England face off with South Africa at Ellis Park in the first test of the summer tour this Saturday. It should be a physical and exacting game of rugby – particularly given the lung-busting altitude of the world’s highest test-rugby venue.
Both teams are in bad need of a win. England ended a deflating Six Nations with three consecutive losses, and then conceded a cricket score in the no-cap Barbarians game, while South Africa are starting over under Rassie Erasmus, who replaced Allister Coetzee after two very difficult years that produced only 11 wins from 25 matches.
Set alongside this, it is the final opportunity to experiment with a few positions and try fringe players before the run-in to the World Cup begins in earnest.
It certainly complicates selection but I have tried to balance the two objectives. I think the priority first is to get a win under the belt, with a little experimentation, with greater opportunity to change things in the later games.
Here is who I would pick to play on Saturday:
Front row: 1 Mako Vunipola, 2 Jamie George, 3 Kyle Sinckler
Mako starts at loosehead. The Saracen has played more than 30 games this season, but with his man-of-the-match showing in the premiership final is making a mockery of that figure and any suggestion (by myself included) that he needs a rest. Quickly becoming one of the most complete props in the world.
I have opted for Kyle Sinckler at tighthead – there remain a few concerns over his scrummaging, but now is the time to find out whether they hold water. Anyway, given the increased focus on quick scrums from officials, there is seemingly less of a contest at the set-piece for a strong scrummager to exploit. He offers real carrying ability as well. In between them, and in Dylan Hartley’s absence, Jamie George is the hooker. He will be looking to maximise this opportunity to displace the regular captain permanently.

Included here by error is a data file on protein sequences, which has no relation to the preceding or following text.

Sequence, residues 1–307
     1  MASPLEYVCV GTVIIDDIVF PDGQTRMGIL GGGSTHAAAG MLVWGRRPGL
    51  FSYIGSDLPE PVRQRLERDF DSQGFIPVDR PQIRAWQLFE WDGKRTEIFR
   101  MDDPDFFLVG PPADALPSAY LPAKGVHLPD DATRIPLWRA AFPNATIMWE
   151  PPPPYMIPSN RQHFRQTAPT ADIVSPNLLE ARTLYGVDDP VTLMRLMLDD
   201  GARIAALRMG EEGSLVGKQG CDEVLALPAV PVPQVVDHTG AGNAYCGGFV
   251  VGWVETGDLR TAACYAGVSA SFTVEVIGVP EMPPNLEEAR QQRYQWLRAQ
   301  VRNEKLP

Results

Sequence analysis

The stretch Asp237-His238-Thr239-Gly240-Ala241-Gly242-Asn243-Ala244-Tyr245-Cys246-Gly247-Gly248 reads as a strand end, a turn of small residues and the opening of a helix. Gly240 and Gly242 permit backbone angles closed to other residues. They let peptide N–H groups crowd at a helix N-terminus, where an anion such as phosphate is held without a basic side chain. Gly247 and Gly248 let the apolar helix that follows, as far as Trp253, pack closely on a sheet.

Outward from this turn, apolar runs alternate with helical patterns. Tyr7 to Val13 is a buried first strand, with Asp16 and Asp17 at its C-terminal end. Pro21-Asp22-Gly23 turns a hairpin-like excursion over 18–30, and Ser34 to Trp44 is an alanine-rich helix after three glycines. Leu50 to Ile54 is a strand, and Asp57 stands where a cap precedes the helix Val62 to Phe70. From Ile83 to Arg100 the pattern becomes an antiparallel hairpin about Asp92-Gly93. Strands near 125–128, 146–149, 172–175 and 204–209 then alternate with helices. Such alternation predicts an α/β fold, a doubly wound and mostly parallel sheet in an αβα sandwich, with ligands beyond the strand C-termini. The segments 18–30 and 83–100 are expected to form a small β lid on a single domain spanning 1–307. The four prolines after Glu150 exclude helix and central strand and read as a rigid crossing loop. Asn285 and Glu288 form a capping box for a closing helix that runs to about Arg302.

Second row: 4 Maro Itoje, 5 Joe Launchbury
Given England’s injury issues/decision to rest George Kruis, this is not the tricky selection it usually is. Itoje and Launchbury pair up in the engine room and will be central to nullifying the powerful Springbok pack. That said, there have been some murmurings about Launchbury sitting out training with an injury. If so Nick Isiekwe comes in to partner his Saracens team mate. I want to see more aggressive ruck clearance and carrying from the locks than we got in the Six Nations.
Backrow: 6 Chris Robshaw, 7 Tom Curry, 8 Billy Vunipola